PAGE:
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Profiting From The Wealth Divide

The rich get richer and the poor get poorer. It’s an old saying, but it may be one to invest by given today’s housing data and recent corporate earnings.

The National Association of Realtors said today that existing home sales slipped 0.8% in April from the prior month, and are down nearly 13% from the prior year. The news was taken as bearish for the housing industry and the larger economy as a whole. But, buried in the data were signs that housing is recovering – at least for higher-end homes.

Homes over $750,000 actually saw an increase in sales. Homes in the $750,000 to $1 million range saw a sales increase of 4.2%. Homes above $1 million saw an 11% increase. Sales of homes in the $100,000 to $500,000 range, for comparison, were down more than 20%.

“The upper-end is moving in the opposite direction of the mid-segment of the housing market,” said NAR chief economist Lawrence Yun in a telephone interview.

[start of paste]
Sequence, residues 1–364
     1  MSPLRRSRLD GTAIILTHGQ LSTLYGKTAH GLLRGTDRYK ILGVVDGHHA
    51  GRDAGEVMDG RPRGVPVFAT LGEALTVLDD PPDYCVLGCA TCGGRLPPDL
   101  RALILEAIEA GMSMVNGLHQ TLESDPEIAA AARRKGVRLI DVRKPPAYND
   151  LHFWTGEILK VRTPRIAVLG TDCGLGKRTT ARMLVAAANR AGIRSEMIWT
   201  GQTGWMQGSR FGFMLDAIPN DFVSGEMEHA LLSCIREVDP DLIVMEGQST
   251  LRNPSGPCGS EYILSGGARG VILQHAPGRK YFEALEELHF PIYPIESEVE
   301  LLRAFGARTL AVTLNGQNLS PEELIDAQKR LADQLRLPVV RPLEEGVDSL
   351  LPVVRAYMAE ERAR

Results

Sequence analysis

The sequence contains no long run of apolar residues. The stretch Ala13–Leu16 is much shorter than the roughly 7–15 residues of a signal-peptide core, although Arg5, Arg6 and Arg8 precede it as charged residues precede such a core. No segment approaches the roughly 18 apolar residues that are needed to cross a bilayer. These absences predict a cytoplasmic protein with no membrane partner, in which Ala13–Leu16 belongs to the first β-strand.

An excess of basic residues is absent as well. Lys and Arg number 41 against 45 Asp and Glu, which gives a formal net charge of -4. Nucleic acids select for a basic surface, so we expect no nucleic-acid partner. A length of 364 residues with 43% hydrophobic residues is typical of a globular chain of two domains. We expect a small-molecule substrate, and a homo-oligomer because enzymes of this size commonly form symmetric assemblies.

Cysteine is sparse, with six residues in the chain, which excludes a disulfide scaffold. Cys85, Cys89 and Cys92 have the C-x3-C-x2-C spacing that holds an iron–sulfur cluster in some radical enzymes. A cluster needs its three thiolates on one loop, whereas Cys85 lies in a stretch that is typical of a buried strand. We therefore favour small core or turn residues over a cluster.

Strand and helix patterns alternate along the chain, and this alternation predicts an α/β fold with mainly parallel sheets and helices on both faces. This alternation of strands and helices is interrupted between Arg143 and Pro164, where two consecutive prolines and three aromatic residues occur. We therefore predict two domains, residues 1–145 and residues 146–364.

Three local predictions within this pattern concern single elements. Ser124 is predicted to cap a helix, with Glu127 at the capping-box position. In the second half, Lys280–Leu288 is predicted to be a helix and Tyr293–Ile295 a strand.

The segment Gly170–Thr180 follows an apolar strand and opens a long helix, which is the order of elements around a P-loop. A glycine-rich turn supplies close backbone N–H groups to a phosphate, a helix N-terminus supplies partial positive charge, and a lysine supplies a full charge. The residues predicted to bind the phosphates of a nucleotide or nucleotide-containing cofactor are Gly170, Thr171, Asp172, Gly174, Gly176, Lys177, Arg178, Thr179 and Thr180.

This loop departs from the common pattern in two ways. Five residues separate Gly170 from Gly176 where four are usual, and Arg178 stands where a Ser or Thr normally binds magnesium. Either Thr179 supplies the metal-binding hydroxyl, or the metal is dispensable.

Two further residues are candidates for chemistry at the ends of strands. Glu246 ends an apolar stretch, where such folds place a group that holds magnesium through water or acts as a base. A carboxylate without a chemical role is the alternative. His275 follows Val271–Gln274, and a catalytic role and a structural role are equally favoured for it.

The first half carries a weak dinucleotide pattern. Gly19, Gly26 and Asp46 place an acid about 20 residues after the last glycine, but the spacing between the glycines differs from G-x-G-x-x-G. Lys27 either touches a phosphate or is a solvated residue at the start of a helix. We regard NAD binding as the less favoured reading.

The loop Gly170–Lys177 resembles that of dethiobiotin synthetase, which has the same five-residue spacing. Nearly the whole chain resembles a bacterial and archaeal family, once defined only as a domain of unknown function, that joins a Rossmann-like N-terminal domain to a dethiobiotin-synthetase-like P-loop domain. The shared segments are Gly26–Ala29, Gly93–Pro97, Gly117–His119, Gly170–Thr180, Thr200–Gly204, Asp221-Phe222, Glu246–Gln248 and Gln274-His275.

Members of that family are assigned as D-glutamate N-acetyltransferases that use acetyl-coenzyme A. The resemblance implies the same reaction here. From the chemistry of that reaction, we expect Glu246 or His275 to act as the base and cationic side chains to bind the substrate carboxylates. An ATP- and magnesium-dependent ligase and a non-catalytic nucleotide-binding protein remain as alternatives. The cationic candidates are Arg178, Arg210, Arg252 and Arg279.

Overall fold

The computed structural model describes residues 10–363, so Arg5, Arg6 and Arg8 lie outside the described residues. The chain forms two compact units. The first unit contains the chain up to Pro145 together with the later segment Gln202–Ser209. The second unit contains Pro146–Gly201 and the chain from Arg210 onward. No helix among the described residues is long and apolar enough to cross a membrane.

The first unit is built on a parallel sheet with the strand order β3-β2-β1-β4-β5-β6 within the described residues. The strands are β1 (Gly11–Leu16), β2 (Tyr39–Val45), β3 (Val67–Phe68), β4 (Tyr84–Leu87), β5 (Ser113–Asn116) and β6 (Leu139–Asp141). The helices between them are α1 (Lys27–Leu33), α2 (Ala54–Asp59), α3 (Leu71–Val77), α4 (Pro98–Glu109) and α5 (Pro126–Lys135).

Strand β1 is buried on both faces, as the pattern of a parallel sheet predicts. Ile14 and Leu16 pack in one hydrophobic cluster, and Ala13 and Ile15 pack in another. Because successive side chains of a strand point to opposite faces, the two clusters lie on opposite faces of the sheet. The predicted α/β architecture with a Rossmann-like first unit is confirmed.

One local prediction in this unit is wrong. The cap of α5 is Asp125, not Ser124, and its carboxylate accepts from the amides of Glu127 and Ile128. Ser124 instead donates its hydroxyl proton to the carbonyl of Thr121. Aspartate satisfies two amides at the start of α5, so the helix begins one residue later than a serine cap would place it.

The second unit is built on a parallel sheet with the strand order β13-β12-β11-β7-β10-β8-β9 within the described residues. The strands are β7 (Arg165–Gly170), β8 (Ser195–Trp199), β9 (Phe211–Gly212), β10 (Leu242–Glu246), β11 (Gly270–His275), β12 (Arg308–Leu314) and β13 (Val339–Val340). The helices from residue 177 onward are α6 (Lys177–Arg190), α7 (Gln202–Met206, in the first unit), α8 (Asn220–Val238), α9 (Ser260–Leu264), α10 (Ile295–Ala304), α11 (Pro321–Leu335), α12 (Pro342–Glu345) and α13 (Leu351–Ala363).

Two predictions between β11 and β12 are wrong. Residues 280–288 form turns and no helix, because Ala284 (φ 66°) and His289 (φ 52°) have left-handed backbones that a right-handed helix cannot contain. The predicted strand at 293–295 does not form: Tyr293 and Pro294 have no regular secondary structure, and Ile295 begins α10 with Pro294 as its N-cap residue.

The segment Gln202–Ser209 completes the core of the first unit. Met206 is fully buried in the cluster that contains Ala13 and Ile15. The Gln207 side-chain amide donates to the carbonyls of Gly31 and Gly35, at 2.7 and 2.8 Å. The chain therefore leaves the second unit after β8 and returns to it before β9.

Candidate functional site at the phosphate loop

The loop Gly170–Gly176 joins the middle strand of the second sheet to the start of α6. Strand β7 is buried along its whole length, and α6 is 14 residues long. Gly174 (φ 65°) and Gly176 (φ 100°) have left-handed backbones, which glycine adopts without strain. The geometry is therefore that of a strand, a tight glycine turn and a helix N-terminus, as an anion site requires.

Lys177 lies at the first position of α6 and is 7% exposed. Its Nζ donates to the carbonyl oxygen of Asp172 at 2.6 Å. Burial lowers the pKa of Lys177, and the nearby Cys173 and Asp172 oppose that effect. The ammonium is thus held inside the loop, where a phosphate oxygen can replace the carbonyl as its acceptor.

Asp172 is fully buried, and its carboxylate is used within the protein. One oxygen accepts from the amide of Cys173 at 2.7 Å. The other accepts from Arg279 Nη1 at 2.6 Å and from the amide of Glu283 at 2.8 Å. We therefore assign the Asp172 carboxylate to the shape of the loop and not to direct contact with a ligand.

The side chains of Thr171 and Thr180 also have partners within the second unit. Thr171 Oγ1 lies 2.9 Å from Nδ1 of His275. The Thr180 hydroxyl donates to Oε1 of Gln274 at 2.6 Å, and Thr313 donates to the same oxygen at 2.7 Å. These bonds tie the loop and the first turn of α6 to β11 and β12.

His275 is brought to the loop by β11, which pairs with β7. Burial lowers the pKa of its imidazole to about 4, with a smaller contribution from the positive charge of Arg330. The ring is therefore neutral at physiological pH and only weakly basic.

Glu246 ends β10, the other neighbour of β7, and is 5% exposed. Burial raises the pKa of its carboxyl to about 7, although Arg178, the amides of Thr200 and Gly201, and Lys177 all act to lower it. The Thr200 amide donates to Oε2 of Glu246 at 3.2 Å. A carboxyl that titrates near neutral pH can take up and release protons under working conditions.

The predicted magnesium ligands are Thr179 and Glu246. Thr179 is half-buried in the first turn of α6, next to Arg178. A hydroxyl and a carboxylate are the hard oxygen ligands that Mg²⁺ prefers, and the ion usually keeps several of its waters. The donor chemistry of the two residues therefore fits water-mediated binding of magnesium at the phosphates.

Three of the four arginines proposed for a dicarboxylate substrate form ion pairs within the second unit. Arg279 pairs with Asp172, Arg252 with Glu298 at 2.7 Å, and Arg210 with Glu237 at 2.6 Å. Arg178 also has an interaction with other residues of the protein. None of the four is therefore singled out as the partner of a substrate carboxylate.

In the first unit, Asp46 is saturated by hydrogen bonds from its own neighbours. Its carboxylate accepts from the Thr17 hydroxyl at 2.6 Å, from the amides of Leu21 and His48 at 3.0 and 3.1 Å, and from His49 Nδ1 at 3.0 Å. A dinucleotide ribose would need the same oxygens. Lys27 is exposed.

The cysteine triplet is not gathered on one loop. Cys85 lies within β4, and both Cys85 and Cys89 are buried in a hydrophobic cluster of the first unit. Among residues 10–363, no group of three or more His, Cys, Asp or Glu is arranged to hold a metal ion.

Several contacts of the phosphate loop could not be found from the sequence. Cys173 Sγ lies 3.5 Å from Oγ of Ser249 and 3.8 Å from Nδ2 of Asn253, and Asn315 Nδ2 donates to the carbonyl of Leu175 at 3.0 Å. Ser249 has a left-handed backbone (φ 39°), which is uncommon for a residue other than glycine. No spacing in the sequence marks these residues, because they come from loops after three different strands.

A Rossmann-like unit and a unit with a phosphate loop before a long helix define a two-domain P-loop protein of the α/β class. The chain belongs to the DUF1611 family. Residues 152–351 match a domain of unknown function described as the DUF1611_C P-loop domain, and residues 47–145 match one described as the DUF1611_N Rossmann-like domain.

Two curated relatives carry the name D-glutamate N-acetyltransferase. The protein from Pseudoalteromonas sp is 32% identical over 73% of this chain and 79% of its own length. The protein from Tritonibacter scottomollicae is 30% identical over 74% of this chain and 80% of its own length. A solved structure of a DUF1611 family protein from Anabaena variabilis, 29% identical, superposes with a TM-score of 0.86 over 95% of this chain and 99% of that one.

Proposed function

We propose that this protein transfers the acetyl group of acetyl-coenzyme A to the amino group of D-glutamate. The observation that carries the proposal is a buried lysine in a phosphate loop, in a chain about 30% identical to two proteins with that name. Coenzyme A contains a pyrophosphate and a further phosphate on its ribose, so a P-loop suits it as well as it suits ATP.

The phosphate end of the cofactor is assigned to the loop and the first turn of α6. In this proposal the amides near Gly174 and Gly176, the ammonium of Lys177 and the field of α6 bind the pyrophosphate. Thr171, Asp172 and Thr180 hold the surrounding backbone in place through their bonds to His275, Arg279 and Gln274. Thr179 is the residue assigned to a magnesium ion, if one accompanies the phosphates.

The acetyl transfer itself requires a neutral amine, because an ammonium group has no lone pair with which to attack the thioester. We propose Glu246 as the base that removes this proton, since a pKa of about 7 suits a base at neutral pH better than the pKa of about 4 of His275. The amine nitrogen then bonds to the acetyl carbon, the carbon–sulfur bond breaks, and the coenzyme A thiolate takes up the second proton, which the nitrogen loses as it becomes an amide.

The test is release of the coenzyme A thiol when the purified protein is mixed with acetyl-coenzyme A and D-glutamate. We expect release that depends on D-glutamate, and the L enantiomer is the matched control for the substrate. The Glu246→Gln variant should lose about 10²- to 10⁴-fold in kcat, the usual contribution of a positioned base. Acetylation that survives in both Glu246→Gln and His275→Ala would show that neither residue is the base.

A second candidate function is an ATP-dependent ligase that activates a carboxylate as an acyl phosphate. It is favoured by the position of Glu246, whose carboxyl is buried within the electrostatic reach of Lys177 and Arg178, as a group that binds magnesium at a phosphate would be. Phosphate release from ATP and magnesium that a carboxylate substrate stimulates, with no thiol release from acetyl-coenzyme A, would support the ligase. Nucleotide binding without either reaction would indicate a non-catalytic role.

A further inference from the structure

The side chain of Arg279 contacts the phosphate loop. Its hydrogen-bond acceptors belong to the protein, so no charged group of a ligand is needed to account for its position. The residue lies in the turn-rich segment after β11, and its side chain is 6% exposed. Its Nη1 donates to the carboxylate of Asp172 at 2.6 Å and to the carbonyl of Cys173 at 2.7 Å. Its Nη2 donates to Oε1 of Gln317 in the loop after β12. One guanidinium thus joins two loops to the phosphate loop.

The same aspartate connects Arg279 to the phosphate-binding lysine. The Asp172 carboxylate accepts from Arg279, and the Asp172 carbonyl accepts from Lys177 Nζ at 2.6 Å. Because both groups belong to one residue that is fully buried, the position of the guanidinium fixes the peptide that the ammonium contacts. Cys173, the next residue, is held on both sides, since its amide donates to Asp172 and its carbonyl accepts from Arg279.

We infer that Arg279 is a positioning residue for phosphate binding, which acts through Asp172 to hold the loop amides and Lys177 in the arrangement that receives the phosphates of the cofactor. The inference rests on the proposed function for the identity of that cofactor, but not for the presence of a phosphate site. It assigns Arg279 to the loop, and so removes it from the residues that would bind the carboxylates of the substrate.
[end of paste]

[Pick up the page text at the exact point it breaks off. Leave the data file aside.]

“Wealthier households have larger wealth tied to the stock market and, given that the stock market has recovered quite nicely in the past two years, some people are feeling comfortable financially and are re-entering the housing market.”

Also driving the rise in higher-end homes, said Yun, are looser standards for so-called jumbo mortgages – the term given to mortgages of more than $500K.

Because jumbo mortgages are not backed by the government, they fell off sharply at the height of the financial crisis when banks were unwilling to grant large loans not guaranteed by Fannie Mae or Freddie Mac. But, as the economy has slowly recovered, banks have been more willing to lend large amounts to customers with solid credit, said Yun.

The housing data is important because not only are the rich feeling wealthier because of the stock market, they’re also not suffering the same wealth-drag from their home as the middle class.

The result, wealthier consumers will be even more likely to spend more – on homes, retail, and discretionary items.



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